You might think a chick’s life begins when it busts out of the shell, but research has found that baby birds get to work well before they’ve stepped out into the world (cuckoos even start exercising). Anyone who’s ever witnessed a brood developing will know they get chirping before making their grand entrance, but it turns out the communication isn’t a one-way street. New research has revealed that even at the embryonic stage a developing chick’s physiology can adapt in response to the call of its parents.
Published in the journal Proceedings of the Royal Society B, a new paper outlines the mitochondrial changes that occur in developing zebra finch embryos. The reaction comes in response to their parents’ “heat-calls” which effectively let the eggs know they’re about to enter a warm environment. Something zebra finches are used to living out in the hotter parts of Australia.
The researchers on the study took samples to measure the red blood cell mitochondrial function of zebra finch nestlings that had been incubated under different conditions. Some were exposed to high heat without acoustic cues, while others were in moderate heat but in earshot of heat-calls. Others heard control calls while being stored in contrasting thermal environments. After hatching, they were left to rear with parent birds for 13 days before samples were taken.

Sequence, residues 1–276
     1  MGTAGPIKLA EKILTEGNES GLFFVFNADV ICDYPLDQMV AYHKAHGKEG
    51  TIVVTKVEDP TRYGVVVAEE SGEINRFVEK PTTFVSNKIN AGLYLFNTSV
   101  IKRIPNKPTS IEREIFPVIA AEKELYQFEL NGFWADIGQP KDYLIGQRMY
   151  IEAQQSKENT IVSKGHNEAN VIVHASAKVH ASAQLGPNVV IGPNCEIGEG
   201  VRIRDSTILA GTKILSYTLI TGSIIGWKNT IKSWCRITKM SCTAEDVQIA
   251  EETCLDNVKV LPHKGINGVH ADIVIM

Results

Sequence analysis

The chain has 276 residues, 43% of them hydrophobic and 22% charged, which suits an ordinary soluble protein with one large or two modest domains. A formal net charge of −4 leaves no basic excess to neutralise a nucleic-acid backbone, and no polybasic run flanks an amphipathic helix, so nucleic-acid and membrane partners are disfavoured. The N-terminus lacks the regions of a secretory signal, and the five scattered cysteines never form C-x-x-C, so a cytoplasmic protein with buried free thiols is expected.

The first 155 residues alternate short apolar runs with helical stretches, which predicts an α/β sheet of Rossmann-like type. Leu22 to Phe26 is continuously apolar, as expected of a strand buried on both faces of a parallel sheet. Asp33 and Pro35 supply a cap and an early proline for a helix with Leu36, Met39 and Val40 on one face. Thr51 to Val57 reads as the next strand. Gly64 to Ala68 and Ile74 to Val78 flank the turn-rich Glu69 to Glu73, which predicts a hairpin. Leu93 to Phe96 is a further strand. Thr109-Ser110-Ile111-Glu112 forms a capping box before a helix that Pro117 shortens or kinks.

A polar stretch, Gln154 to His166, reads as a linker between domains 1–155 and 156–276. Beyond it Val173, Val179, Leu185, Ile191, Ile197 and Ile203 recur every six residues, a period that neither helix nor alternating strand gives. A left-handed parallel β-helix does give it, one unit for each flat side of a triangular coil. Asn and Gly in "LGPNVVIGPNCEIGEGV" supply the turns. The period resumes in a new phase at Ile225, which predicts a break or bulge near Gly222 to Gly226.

You may know mitochondria as “the powerhouse of the cell” and you’d be right, as they convert energy from food into fuel for the cells called adenosine triphosphate (ATP). The researchers were looking to see how – or if – this mitochondrial function changed to make the chicks better adapted to the environment they had been incubated in preparation for.
Their results showed that the red blood cells’ mitochondrial ATP production changed in response to both the temperature the eggs were stored in, as well as the bird’s exposure to heat-calls even when kept in moderate temperatures.
“Hearing heat calls changes the balance of how much ATP versus heat mitochondria produce,” said Mylene Mariette at Deakin University in Geelong, Australia, to New Scientist. “Under mild heat (below 35 °C [95 °F]), mitochondria of heat-call exposed birds produce relatively more ATP, because they don’t need to produce as much body heat.”
This demonstrates that – in the short term, at least – the acoustic cues a developing zebra finch egg is exposed to can alter its physiological function at the mitochondrial level. This is the first time mitochondrial acoustic sensitivity has been demonstrated in research, say the study authors, “and brings us closer to understanding the underpinning of acoustic developmental programming and avian strategies for heat adaptation.”
This is significant in an ever-warming world that’s getting noisier every day, as understanding the significance of acoustic cues on chick development may bolster efforts to conserve habitats and keep the din to a minimum.
[H/T: New Scientist]